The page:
Swimming pool injuries happen frequently and can cause serious damage, especially to children. The following article will provide some helpful tips for preventing swimming pool injuries.
Swimming Pool Injury Statistics
The following section includes some notable statistics regarding swimming pool injuries:
- According to the Centers for Disease Control and Prevention (CDC), non-fatal drowning injuries can cause severe brain damage that could result in long-term health issues including memory and learning problems.
- According to Live and Learn, more than 2,000 children under the age of 5 are treated in hospital emergency rooms for submersion injuries every year.
- According to the CDC, 50.2% of the emergency department patients required hospitalization or transfer for further care.
- According to the CDC, 50.1% of fatal incidents and 64.6% of nonfatal incidents among children 4 and under occurred in swimming pools.
How to Prevent Swimming Pool Injuries?
You can prevent swimming pool injuries by adhering to some of the following tips:
- Wear proper footwear. Most flip-flops and sandals are really unsafe in wet environments. As such, you should instead opt for specially-made water shoes with grips on the bottom in order to prevent slip and falls near the pool.
- Use the buddy system. It is always best to swim with a buddy. This is especially true for children, as they are at an even greater risk of pool-related accidents than adults.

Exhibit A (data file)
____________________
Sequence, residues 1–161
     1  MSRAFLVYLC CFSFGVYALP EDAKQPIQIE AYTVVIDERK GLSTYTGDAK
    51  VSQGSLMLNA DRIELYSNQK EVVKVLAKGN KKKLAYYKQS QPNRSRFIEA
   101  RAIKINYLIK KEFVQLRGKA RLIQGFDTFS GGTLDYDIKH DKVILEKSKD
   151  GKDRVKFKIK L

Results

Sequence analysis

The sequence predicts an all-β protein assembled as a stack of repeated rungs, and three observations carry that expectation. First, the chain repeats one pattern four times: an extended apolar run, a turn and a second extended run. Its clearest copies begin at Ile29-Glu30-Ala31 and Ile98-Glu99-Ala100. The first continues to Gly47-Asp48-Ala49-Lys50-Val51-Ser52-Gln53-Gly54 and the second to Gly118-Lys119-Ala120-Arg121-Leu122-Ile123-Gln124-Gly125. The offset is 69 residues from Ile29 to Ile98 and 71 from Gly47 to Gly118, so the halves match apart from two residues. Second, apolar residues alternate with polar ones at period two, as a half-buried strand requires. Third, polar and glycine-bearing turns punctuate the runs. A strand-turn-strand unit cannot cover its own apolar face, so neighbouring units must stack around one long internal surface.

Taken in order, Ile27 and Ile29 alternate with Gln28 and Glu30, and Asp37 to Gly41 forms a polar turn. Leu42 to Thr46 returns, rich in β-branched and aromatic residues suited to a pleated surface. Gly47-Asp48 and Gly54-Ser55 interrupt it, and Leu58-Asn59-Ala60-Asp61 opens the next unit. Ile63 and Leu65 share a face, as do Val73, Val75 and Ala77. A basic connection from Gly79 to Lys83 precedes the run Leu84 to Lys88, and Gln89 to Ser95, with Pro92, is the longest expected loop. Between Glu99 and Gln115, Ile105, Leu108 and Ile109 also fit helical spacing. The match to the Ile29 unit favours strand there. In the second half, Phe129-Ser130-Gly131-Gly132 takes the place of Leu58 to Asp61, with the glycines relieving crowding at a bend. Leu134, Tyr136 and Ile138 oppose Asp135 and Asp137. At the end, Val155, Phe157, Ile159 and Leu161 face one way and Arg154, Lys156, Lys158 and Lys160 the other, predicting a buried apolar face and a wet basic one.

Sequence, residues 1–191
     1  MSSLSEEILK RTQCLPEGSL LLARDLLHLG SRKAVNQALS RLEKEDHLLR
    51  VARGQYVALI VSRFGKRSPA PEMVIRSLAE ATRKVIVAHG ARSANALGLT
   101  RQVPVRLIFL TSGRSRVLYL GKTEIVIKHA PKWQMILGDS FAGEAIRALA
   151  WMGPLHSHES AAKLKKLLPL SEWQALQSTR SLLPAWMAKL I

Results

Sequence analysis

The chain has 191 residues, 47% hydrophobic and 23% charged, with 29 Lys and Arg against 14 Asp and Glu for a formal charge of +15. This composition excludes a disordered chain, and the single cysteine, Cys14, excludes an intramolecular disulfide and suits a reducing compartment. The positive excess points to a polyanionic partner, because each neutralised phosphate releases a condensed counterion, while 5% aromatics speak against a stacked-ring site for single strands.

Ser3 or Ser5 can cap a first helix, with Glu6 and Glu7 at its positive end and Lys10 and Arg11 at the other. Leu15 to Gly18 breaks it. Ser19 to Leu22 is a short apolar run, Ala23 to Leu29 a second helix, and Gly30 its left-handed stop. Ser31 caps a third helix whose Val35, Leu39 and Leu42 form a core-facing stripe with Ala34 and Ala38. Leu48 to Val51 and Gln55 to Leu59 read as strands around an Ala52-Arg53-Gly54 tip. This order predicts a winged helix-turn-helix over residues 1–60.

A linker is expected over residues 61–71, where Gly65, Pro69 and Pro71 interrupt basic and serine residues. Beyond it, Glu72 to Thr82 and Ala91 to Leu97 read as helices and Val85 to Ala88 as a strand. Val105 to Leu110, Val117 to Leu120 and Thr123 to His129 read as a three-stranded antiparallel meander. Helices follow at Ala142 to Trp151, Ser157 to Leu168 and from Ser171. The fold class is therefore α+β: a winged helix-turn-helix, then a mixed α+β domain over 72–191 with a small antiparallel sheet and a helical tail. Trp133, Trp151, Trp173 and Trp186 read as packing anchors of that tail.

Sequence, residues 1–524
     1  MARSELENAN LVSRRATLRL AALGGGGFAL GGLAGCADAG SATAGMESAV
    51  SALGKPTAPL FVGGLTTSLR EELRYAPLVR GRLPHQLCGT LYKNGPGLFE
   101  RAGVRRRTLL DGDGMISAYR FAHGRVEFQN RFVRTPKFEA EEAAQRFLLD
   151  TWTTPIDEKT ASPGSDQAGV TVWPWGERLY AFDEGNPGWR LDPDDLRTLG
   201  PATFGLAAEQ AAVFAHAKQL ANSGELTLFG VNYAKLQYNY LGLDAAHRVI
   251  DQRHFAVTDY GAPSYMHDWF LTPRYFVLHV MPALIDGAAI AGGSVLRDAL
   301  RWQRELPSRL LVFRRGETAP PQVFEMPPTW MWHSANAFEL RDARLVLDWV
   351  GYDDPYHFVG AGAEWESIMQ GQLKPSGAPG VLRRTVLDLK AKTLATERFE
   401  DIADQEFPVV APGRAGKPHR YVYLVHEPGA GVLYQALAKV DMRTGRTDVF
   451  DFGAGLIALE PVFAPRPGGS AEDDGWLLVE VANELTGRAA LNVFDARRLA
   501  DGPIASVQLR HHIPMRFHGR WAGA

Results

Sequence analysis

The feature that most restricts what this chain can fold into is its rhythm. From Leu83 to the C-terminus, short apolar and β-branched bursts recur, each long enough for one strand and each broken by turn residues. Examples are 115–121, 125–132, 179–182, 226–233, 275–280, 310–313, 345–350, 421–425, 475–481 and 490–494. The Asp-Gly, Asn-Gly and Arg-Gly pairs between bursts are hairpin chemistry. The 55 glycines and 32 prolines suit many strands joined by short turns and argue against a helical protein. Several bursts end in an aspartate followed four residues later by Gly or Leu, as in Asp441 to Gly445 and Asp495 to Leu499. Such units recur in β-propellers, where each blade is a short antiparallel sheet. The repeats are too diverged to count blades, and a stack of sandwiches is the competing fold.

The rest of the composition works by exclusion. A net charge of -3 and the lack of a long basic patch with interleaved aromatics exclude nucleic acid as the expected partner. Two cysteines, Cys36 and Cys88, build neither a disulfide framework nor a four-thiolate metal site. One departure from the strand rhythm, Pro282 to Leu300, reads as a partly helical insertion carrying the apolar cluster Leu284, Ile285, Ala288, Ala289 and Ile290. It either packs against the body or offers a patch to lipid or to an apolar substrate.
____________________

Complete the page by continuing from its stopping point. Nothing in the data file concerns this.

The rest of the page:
- Put up your pool toys. Pool toys located haphazardly near the pool can pose a serious hazard (for example, someone could trip over them and land in the water). As such, you should establish a set place (such as a designated toy bucket or basket outside) to store all of your pool noodles and other water accessories. Keep in mind that leaving the toys in the water isn’t any safer, as it might serve as an open invitation for kids to try to reach in and grab them.
- Be careful with diving. Diving may seem like a fun thing to do but it has its own risks. You do not need to avoid diving altogether, but if you choose to dive, make sure that you never do so from a running start. Also, make sure that you always dive straight ahead (as opposed to off to the side) and that the water you are diving into is at least nine feet deep.
- Use a pool cover. You should always use a pool cover when the pool is not in use. By using a pool cover, you are keeping out all of the debris and potential outside hazards that could fall into the pool when it is not in use.
- Test the water. Before jumping in, you should consider dipping your toes in the water to make sure the temperature is comfortable for swimming. This is important because if the water is too cold, you can shock your body, resulting in an elevated heart rate, a rise in your blood pressure, and a slowing down of your muscle movements.
- Keep a life preserver nearby. It is better to be safe than sorry. You should always have a life preserver near the pool just in case someone ever needs to be rescued from the water.
Use depth markers. Make sure that you use obvious depth markers to alert your guests when they are starting to inch towards the deep end of the pool. This is especially important for those individuals who are in the pool but do not really know how to swim in deep waters.